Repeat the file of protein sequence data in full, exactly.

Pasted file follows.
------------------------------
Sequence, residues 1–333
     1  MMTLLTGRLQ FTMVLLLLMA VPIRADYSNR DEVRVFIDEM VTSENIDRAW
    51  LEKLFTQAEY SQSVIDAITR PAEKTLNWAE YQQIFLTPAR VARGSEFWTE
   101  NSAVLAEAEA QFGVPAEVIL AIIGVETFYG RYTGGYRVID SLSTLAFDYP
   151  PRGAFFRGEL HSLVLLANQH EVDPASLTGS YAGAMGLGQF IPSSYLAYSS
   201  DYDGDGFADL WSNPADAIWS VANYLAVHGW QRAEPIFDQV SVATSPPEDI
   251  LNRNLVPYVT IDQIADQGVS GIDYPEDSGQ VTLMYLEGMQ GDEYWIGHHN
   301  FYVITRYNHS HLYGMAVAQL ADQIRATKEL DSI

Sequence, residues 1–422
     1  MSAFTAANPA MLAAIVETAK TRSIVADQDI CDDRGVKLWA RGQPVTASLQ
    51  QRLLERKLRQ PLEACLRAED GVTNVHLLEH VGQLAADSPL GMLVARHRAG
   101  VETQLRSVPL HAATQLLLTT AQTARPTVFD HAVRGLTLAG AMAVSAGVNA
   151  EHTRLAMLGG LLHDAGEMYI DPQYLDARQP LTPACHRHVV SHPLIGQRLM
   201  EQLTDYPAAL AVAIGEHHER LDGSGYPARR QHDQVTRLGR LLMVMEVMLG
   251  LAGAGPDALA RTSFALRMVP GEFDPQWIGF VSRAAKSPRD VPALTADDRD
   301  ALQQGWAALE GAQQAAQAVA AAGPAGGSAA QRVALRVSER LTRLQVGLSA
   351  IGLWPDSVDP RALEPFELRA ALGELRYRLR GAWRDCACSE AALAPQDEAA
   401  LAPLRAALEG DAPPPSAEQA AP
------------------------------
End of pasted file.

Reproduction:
Sequence, residues 1–333
     1  MMTLLTGRLQ FTMVLLLLMA VPIRADYSNR DEVRVFIDEM VTSENIDRAW
    51  LEKLFTQAEY SQSVIDAITR PAEKTLNWAE YQQIFLTPAR VARGSEFWTE
   101  NSAVLAEAEA QFGVPAEVIL AIIGVETFYG RYTGGYRVID SLSTLAFDYP
   151  PRGAFFRGEL HSLVLLANQH EVDPASLTGS YAGAMGLGQF IPSSYLAYSS
   201  DYDGDGFADL WSNPADAIWS VANYLAVHGW QRAEPIFDQV SVATSPPEDI
   251  LNRNLVPYVT IDQIADQGVS GIDYPEDSGQ VTLMYLEGMQ GDEYWIGHHN
   301  FYVITRYNHS HLYGMAVAQL ADQIRATKEL DSI

Sequence, residues 1–422
     1  MSAFTAANPA MLAAIVETAK TRSIVADQDI CDDRGVKLWA RGQPVTASLQ
    51  QRLLERKLRQ PLEACLRAED GVTNVHLLEH VGQLAADSPL GMLVARHRAG
   101  VETQLRSVPL HAATQLLLTT AQTARPTVFD HAVRGLTLAG AMAVSAGVNA
   151  EHTRLAMLGG LLHDAGEMYI DPQYLDARQP LTPACHRHVV SHPLIGQRLM
   201  EQLTDYPAAL AVAIGEHHER LDGSGYPARR QHDQVTRLGR LLMVMEVMLG
   251  LAGAGPDALA RTSFALRMVP GEFDPQWIGF VSRAAKSPRD VPALTADDRD
   301  ALQQGWAALE GAQQAAQAVA AAGPAGGSAA QRVALRVSER LTRLQVGLSA
   351  IGLWPDSVDP RALEPFELRA ALGELRYRLR GAWRDCACSE AALAPQDEAA
   401  LAPLRAALEG DAPPPSAEQA AP